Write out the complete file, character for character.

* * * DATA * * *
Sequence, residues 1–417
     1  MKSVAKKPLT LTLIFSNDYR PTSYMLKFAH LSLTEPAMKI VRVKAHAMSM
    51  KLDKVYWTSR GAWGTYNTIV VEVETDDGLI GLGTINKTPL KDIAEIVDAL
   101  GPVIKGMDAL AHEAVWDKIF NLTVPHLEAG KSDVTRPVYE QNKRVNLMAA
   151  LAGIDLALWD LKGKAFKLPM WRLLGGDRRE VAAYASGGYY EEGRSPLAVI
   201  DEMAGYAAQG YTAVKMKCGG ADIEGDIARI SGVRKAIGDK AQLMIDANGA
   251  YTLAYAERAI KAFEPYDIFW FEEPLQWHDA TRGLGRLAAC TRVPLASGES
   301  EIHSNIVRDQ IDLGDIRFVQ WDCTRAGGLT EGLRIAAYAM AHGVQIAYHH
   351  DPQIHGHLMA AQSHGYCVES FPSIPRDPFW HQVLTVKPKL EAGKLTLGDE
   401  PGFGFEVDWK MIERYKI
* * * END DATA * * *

Sequence, residues 1–417
     1  MKSVAKKPLT LTLIFSNDYR PTSYMLKFAH LSLTEPAMKI VRVKAHAMSM
    51  KLDKVYWTSR GAWGTYNTIV VEVETDDGLI GLGTINKTPL KDIAEIVDAL
   101  GPVIKGMDAL AHEAVWDKIF NLTVPHLEAG KSDVTRPVYE QNKRVNLMAA
   151  LAGIDLALWD LKGKAFKLPM WRLLGGDRRE VAAYASGGYY EEGRSPLAVI
   201  DEMAGYAAQG YTAVKMKCGG ADIEGDIARI SGVRKAIGDK AQLMIDANGA
   251  YTLAYAERAI KAFEPYDIFW FEEPLQWHDA TRGLGRLAAC TRVPLASGES
   301  EIHSNIVRDQ IDLGDIRFVQ WDCTRAGGLT EGLRIAAYAM AHGVQIAYHH
   351  DPQIHGHLMA AQSHGYCVES FPSIPRDPFW HQVLTVKPKL EAGKLTLGDE
   401  PGFGFEVDWK MIERYKI